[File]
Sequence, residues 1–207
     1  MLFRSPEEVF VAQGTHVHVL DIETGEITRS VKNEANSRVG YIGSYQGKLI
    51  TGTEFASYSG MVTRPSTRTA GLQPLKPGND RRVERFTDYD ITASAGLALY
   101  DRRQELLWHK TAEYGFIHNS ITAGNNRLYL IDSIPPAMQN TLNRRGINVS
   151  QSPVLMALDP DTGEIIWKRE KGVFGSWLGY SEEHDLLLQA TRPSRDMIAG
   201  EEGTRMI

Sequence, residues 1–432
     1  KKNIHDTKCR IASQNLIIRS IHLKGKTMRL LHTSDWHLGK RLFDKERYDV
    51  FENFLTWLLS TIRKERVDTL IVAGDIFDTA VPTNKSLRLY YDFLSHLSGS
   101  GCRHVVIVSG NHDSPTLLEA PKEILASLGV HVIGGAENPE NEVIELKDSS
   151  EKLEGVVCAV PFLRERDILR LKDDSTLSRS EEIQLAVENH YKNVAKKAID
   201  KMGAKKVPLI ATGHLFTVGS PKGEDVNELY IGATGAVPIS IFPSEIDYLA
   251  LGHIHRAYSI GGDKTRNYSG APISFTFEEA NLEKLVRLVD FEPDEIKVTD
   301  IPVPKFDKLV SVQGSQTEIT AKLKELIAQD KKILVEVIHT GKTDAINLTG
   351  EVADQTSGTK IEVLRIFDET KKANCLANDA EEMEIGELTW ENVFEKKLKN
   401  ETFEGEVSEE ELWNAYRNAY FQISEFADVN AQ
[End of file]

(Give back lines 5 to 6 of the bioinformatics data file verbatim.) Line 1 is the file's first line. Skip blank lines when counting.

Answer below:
   151  QSPVLMALDP DTGEIIWKRE KGVFGSWLGY SEEHDLLLQA TRPSRDMIAG
   201  EEGTRMI